Alot of evangelical theology is based on the message that people who don’t believe in Jesus are going to hell, and they need to be saved. So we hand out tracts and talk through bullhorns and try to force people to come to church with us where we use an altar call to try and get them to say they believe.

I’m not saying that people aren’t going to hell. And I’m certainly not suggesting that it’s a minor deal.  But God is bigger and greater and grander than ‘the being who sends people to hell.’

God created this world, where we find joy and sorrow; heights and depths; pain and pleasure. More than that, he became one of us. The infinite, in one man. He who holds the galaxies in the palm of his hand, using feet to walk from one town to the next.

People who are so locked into their own theology that they think they are the only one who really ‘gets’ God scare me. A lot.  Because I have totally been like that in my life. And I was so blinded by my ‘right answers’ to let God be who he is. I turned the bible into a book of answers and doctrine instead of what it is: The story of a God and the flawed people he loves.

In Christianity, we say that we don’t have a religion, but rather a relationship. Then we put so much structure and so many requirements on that relationship that it becomes a religion.

I have a feeling that there is a great deal of truth in this world that we refuse to acknowledge because we didn’t think of it.

I believe that everyone is looking for God, whether they know it or not. And I believe that God has left signposts that point to him in the most unlikely places. Signposts that reveal truth about him. People who are paying attention will pick up on these truths, and believe in them.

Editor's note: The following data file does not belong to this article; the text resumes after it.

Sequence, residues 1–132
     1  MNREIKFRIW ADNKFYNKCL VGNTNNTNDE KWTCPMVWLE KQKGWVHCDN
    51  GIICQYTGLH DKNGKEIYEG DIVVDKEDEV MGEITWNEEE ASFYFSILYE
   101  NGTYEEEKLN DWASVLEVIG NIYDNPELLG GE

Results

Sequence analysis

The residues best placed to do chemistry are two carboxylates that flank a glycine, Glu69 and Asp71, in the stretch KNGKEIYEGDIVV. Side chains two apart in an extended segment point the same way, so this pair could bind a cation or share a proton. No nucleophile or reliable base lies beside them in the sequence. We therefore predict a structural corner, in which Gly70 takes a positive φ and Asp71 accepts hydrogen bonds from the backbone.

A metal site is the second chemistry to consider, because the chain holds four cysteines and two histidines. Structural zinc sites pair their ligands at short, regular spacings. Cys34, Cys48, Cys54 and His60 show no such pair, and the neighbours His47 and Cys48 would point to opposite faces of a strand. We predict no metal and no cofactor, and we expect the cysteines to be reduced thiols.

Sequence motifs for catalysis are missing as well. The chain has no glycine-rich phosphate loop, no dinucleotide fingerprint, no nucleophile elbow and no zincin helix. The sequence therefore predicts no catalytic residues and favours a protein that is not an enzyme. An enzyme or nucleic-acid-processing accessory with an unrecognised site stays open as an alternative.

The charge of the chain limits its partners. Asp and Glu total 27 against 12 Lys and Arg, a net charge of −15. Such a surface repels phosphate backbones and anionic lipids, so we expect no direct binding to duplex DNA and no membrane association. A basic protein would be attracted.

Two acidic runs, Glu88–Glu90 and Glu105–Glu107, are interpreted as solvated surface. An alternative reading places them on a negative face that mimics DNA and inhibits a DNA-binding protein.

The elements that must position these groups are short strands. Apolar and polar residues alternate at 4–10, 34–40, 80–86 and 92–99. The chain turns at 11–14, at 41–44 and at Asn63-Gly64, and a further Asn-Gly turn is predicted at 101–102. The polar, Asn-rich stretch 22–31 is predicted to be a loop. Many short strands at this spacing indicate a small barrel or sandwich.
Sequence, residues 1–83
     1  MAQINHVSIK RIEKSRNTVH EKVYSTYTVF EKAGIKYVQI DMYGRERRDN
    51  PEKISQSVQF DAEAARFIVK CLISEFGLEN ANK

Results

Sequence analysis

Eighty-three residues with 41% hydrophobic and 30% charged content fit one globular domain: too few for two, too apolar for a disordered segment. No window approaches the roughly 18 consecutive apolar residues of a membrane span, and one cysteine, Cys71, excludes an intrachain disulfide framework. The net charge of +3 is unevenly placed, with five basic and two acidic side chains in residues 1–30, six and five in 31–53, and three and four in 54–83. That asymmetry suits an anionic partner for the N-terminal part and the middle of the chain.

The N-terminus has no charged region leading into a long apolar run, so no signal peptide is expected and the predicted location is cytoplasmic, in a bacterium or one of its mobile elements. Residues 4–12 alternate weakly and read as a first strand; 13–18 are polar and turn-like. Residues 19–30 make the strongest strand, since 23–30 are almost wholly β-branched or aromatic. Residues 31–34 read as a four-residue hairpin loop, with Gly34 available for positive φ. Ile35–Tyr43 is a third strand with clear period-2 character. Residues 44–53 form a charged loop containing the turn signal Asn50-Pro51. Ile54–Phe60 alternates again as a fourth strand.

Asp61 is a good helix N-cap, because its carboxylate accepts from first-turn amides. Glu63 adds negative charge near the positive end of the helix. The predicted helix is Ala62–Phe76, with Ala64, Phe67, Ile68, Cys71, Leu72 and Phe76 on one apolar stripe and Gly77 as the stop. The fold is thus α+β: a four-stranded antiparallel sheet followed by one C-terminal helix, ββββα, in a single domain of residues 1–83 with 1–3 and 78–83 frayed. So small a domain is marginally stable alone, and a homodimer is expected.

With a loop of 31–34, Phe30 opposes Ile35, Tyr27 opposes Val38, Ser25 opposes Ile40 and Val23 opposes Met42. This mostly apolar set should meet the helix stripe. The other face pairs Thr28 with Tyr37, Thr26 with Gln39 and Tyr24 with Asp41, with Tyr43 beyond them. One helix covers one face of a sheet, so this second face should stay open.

Nature speaks of a great creator.

Intimacy speaks of a need to be completed by somebody or something.

Dreams point to the existence of something greater just below the surface.

Mercy and compassion reveal that there is something within us that works against the primal urges we’re told that we consist of.

Art reveals a need to see more than just what our eyes can perceive.

I once thought that God needed me. That he needed me to tell people about what he is really like because I had so much insight. He couldn’t sideline me, because I was too clever and smart.

Now, I realize that I’m about as useful as asking an ant to explain a supercomputer. A know-it-all is about the last thing God needs representing him.

I don’t understand God. I can’t explain why he does the things he does most of the time. If I zoom in, I can probably start to explain small parts of him better, but I’d rather step back and see the vastness, the grandeur, the beauty of who he is. And I’m content to be amazed and surprised by what I can’t contain.